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Warning: strpos() [function.strpos]: needle is not a string or an integer in /nfs/c05/h04/mnt/72829/domains/warrenkinsella.com/html/oldsite/index.php on line 61 Warren Kinsella - DOUGLAS H. CHRISTIE
"...[Kinsella is] a modern-day Machiavelli, the mastermind who ran war rooms for Jean Chretien and Dalton McGuinty... He's the ultimate political insider... [The War Room] has plenty of fascinating insights and is a must-read for political junkies."
- The Toronto Sun
"The top Canadian spin doctor...tells all!"
- The National Post
"Warren Kinsella’s new book is a must-read for anyone interested in political campaigning in Canada. And not just political campaigning.…I wish I’d had the chance to read The War Room before I became Stephen Harper’s campaign manager; it might have saved me from many mistakes and months of painful learning on the job."
- Tom Flanagan, The Literary Review of Canada
"The War Room is a rich, detailed, and substantive primer on how to run a winning war room - warts, pizza boxes, smelly couches and all - from a master war roomer."
- The Hill Times
"Kinsella has crafted a handy little guide for politicos and non-politicos alike. Just keep it away from the kids."
- The Winnipeg Free Press
"... a great read ... full of fascinating stories..."
- John Moore, CFRB
"...I don't want to say [he's a] genius...but there's valuable insights here..."
- John Oakley, AM640
"I just got one copy, but I plan to get more!"
- John Wright, Ipsos, CFRB
"I do recommend [The War Room] to everyone."
- Charles Adler, Adler Online
"He's Canada's James Carville...a must-read...If you really want to win, you need this book!"
It is time, O me droogies. Time for the annualized and eminently-forgettable review of the preceding year’s waxings. Dom and Scott, rest easy. The appointed day has come 'round.
What kind of year was it, musically? Well, not so shit-hot, actually. No revolutions commenced, no lives were improved or even changed. No fun, my babe. But some good stuff rose to the surface of the otherwise fetid rawk-and-role pit. Ten things, in fact. Herewith and heretofore, here they be:
1. Son Volt - The Search: Here I go again, being contrarian, picking a relatively-obscure alt-country group as the authors of the year’s masterpiece. So I love punk; so I like stuff that is really fast and loud. So ‘The Search’ has pianos and steel guitars on it, and is pretty quiet. So what? Jay Farrar’s group, like Kings of Leon (see below) bring out my Inner Calgarian - all of that driving a back road in the Summer stuff, late in the day, windows down, listening to ‘Action’ on the radio: “Riding waves of sound, 300 mile from Metropolitan…Grapes of wrath all around, riding waves of sound.” It’s fiercely political, these particular waves of sound, but no raging polemic: Farrar opposes the war in Iraq, and Bush, and consumerism and America’s excesses (and ours too, I suppose, because Son Volt is well-loved up here, and he knows the place better than many Canadians), but without losing his temper about it all. Make you think, make tunes that you will listen to forever? That he does.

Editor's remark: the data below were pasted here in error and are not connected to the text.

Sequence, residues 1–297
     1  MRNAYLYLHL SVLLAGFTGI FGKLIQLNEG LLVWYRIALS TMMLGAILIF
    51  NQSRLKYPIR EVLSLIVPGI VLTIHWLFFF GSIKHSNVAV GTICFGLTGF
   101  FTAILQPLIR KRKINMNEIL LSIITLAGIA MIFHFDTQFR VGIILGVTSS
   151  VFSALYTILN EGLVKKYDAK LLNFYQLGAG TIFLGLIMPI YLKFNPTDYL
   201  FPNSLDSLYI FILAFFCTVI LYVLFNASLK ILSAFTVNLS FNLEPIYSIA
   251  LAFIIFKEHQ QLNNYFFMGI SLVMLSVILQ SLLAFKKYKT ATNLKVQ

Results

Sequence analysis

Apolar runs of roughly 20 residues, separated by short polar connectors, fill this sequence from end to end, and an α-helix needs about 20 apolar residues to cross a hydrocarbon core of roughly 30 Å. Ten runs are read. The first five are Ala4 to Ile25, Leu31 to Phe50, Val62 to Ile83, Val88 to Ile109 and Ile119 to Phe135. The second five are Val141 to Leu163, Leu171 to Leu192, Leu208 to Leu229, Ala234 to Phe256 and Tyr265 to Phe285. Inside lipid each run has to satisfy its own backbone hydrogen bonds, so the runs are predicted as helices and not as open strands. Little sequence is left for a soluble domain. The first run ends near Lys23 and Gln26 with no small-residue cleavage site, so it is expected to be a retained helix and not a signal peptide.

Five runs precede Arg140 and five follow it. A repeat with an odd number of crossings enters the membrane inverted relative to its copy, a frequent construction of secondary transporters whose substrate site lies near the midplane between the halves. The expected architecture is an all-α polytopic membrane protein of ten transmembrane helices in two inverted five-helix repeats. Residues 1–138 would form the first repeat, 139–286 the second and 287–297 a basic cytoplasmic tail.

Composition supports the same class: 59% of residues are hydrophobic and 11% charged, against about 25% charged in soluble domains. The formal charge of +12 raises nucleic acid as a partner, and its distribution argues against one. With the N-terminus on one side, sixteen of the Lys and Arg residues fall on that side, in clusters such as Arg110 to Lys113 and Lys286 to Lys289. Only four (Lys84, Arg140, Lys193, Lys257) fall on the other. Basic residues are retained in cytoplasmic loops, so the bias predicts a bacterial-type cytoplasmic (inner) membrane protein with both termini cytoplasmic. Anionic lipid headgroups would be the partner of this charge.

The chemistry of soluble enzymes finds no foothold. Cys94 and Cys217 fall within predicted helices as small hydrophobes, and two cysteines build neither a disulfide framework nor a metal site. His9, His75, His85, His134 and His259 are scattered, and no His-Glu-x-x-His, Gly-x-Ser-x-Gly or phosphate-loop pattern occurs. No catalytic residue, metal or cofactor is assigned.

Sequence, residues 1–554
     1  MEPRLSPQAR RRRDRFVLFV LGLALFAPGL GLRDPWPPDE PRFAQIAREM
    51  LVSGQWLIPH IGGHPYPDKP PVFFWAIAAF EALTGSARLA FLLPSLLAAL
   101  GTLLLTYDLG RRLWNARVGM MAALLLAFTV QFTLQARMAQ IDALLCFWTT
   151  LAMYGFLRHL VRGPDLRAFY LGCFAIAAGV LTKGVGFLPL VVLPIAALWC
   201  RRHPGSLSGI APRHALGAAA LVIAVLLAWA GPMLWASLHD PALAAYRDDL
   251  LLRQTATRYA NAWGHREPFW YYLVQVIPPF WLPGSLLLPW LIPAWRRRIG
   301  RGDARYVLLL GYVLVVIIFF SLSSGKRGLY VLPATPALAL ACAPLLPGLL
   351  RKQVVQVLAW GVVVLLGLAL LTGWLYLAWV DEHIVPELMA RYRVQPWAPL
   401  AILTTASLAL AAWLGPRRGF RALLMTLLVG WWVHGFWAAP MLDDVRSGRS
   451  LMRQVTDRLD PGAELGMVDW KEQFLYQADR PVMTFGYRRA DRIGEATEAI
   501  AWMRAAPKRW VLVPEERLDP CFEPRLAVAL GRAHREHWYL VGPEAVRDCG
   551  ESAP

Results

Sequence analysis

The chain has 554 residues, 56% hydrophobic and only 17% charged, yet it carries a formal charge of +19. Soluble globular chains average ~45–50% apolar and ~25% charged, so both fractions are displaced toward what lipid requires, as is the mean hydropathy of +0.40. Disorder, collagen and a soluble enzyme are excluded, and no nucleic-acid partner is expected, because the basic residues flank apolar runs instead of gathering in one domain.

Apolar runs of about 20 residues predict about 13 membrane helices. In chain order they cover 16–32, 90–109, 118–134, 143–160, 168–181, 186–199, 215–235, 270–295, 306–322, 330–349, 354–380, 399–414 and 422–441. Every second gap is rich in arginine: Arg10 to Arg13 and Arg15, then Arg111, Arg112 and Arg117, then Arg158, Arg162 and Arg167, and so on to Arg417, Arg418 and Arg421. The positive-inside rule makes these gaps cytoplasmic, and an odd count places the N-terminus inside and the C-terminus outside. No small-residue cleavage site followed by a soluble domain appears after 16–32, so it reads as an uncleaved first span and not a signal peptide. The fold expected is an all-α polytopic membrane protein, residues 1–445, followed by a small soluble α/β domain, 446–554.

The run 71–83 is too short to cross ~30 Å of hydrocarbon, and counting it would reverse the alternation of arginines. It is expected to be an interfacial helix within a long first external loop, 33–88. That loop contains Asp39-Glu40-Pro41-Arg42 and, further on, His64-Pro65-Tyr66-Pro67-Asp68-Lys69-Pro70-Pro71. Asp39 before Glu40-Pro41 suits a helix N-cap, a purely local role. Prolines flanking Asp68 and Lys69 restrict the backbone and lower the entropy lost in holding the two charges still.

2. Bad Religion - New Maps of Hell: When I picked it up at my favourite record shop in July (yes, indeed, I still actually buy CDs, because I like to hold them, and look at them, and because I find downloading way too illusory), the clerk said to me it was their best since ‘Suffer.’ After spinning it for my daughter and I quite a few times, I’d say that's about right - but it’s also a clear continuation of the themes found in 2005's epic ‘The Empire Strikes First,’ which I (and my daughter) regard as one of the best punk records ever made. From the start, with the sonic barrage of ’52 Seconds’ (which is just that), to the conclusion nearly an hour later, these guys - aging punks as they are - are just, like, totally pissed off about the state of America and the planet. And they clearly do not intend to enrol in anger management classes anytime soon. Hearing the power of this record, you will agree that can only be a good thing. Rage forever.
3. Against Me! - New Wave: Yes, yes, I know. I remember. When it came out in the Summer, this is what I wrote, in an open letter to a fellow Against Me! fanatic: “I've interviewed the band three times, and seen them more times than that, and - as you also know - I consider Against Me! to literally have the power to change rock'n'roll (which matters, because I still believe rock'n'roll can better lives). I think Searching For A Former Clarity is one of the most amazing records ever made. It is a soul-saver.” Then I went on about the record: “There are moments of greatness, here and there, like 'White People For Peace,' which they played last time they were in town. There's also ‘New Wave,’ which kicks off the album. There's 'Thrash Unreal,' which is, and whose words are - like most of Tom Gabel's words - completely extraordinary, and in which he (gallantly) comes to the defence of an aging addict, dancing alone in a grimy bar to Billy Idol songs..." But then, my bitterly-disappointed conclusion: “This is what it sounds like when giants fall down.” But…you know what? I, and everyone I know (and even Bruce Springsteen, most famously) listened to it all Summer and Fall. And we are still listening to it. There are some stinker tracks on it, yes. But that’s why God invented the "Fast Forward” button. The rest of it remains the purest of pure genius. And I still love this band.